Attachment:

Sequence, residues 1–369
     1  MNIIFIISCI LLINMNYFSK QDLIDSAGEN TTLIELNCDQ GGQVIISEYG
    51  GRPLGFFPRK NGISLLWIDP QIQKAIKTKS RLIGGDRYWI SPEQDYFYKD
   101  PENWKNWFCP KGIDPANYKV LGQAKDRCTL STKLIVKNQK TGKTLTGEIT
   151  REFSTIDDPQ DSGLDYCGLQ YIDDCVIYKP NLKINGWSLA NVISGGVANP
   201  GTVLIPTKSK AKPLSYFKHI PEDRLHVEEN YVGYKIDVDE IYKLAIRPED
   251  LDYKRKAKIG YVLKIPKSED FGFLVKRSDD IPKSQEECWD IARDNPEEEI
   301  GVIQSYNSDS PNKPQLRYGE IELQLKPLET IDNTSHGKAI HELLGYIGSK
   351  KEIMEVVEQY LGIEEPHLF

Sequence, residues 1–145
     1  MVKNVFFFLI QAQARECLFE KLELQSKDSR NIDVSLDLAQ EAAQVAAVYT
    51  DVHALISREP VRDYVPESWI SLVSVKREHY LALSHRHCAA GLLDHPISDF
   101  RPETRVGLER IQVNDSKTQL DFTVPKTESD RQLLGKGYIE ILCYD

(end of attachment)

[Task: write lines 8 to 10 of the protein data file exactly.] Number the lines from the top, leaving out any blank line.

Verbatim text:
   301  GVIQSYNSDS PNKPQLRYGE IELQLKPLET IDNTSHGKAI HELLGYIGSK
   351  KEIMEVVEQY LGIEEPHLF

Sequence, residues 1–145